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Posts Tagged ‘Book Suggestions’

Free Book Friday – American Ghost

Friday, February 22nd, 2019

 

 

 

American Ghost by Hannah Nordhaus

The award-winning journalist and author of The Beekeeper’s Lament attempts to uncover the truth about her great-great-grandmother, Julia–whose ghost is said to haunt an elegant hotel in Santa Fe in this spellbinding exploration of myth, family history, and the American West. The dark-eyed woman in the long black gown was first seen in the 1970s, standing near a fireplace. She was sad and translucent, present and absent at once. Strange things began to happen in the Santa Fe hotel where she was seen. Gas fireplaces turned off and on without anyone touching a switch. Vases of flowers appeared in new locations. Glasses flew off shelves. And in one second-floor suite with a canopy bed and arched windows looking out to the mountains, guests reported alarming events: blankets ripped off while they slept, the room temperature plummeting, disembodied breathing, dancing balls of light. La Posada  – “place of rest” had been a grand Santa Fe home before it was converted to a hotel. The room with the canopy bed had belonged to Julia Schuster Staab, the wife of the home’s original owner.  She died in 1896, nearly a century before the hauntings were first reported. In American Ghost, Hannah Nordhaus traces the life, death, and unsettled afterlife of her great-great-grandmother Julia, from her childhood in Germany to her years in the American West with her Jewish merchant husband. American Ghost is a story of pioneer women and immigrants, ghost hunters and psychics, frontier fortitude and mental illness, imagination and lore. As she traces the strands of Julia’s life, Nordhaus uncovers a larger tale of how a true-life story becomes a ghost story and how difficult it can sometimes be to separate history and myth.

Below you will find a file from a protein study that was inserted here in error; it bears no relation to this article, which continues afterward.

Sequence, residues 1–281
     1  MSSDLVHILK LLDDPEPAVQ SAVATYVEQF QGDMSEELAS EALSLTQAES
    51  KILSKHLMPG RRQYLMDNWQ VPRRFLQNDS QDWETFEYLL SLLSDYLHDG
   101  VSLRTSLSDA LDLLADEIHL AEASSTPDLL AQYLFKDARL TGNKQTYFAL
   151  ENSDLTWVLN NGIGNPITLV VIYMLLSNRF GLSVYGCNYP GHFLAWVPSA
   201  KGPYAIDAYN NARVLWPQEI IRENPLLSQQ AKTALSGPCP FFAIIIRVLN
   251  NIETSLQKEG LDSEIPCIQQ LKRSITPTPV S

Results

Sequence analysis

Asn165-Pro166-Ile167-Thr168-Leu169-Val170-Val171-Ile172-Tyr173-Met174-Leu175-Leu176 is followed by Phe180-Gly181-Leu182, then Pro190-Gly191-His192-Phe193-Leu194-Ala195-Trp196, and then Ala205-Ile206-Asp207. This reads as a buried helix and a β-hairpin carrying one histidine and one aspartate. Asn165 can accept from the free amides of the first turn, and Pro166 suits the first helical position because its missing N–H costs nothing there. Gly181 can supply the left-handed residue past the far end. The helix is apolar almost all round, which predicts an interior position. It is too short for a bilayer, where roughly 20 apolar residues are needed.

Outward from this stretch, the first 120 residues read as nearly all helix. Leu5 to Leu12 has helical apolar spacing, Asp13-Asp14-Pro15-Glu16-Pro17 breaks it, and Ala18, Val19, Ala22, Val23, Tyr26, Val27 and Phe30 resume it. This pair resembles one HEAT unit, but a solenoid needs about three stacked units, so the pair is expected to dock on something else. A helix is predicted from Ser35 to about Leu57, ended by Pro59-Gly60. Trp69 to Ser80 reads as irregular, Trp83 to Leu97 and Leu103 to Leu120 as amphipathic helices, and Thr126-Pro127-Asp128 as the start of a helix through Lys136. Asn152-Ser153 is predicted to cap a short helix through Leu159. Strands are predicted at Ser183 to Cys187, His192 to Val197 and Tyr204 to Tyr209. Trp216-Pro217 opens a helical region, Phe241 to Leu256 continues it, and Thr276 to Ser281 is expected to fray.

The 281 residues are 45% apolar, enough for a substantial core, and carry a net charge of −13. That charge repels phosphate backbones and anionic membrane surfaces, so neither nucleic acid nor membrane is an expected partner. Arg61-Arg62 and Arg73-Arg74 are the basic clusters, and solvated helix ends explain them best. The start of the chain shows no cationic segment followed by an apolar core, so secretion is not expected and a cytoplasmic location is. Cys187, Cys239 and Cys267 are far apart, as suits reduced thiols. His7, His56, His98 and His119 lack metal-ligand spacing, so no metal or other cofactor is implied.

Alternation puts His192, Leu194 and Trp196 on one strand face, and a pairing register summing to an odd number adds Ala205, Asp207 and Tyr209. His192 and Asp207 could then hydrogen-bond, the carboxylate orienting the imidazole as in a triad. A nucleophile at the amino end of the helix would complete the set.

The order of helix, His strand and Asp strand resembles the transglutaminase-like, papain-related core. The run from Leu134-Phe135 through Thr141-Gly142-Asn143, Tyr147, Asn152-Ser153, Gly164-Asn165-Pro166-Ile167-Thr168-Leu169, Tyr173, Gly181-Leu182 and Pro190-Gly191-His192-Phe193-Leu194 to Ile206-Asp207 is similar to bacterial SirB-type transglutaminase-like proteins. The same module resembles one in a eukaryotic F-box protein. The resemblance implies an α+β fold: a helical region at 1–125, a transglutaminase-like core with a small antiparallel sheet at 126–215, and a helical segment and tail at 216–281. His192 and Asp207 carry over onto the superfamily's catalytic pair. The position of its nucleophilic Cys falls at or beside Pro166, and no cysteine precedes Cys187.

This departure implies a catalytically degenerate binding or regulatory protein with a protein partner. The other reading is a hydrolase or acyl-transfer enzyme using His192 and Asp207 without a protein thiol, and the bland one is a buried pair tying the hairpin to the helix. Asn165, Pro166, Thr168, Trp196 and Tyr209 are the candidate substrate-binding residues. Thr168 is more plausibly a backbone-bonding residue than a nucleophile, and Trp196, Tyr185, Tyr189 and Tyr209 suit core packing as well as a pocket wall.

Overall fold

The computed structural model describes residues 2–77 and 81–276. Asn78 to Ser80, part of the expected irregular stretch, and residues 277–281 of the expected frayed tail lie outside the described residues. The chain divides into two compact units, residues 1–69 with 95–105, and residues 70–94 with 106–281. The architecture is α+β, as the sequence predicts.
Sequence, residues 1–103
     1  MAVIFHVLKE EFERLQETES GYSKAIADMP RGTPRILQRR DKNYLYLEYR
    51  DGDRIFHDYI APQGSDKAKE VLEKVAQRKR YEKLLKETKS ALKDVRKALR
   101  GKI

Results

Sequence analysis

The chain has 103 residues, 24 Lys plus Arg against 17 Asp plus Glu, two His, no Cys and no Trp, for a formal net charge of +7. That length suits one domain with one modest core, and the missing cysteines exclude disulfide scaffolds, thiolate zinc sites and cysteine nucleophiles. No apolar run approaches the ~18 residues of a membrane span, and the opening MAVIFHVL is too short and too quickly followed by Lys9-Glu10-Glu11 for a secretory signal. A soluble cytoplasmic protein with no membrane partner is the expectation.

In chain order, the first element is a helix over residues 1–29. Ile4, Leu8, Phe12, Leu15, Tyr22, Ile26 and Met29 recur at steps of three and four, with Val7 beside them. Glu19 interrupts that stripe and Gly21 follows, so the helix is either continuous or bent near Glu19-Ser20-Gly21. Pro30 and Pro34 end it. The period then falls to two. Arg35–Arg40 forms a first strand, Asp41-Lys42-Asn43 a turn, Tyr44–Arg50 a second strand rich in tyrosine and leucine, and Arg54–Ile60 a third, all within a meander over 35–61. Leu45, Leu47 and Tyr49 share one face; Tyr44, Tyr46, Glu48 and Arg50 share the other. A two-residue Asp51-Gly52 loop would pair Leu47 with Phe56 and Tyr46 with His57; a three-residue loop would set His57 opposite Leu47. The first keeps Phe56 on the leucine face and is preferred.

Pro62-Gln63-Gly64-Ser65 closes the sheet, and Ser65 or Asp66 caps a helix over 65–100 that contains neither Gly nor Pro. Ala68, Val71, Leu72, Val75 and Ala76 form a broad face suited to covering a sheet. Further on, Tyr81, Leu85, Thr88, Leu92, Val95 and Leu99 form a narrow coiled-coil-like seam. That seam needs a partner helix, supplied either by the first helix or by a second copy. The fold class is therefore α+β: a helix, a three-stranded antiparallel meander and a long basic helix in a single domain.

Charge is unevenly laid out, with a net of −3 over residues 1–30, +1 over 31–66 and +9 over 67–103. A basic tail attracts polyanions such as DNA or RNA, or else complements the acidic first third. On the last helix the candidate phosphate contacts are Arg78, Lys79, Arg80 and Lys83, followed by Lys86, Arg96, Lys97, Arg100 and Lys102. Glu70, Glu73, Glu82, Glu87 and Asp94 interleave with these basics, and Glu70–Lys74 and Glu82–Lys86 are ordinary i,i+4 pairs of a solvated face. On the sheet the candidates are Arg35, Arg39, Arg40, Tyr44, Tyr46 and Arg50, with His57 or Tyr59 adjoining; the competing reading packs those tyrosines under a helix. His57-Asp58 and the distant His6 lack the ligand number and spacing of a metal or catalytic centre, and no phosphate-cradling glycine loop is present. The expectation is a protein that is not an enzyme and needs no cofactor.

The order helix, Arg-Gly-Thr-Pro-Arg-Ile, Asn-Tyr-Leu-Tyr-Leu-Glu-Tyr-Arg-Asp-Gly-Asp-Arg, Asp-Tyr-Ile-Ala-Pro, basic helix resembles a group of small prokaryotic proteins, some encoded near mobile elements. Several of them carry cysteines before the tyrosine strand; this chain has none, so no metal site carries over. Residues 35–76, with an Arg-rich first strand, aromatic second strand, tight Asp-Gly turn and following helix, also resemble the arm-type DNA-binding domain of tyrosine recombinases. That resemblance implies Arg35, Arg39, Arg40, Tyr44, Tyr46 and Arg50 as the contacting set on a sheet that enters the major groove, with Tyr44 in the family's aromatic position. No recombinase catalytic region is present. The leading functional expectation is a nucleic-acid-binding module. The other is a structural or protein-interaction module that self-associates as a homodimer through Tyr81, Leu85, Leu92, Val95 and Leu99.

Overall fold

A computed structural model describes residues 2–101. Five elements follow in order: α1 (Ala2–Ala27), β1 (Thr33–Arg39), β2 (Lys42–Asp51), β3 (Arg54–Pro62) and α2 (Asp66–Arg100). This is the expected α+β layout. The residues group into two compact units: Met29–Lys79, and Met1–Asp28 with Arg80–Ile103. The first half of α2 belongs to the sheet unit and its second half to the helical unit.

ISBN 9780062249203, Paperback

There are currently 12 members wishing for this book.

To enter, simply leave a comment on this Blog post. You must be a PaperBackSwap member in good standing to win.

We will choose 1 winner at random from comments we receive here on the Blog from PBS members.

You have until Sunday, February 24, 2019 at 12 noon EST, to leave a comment.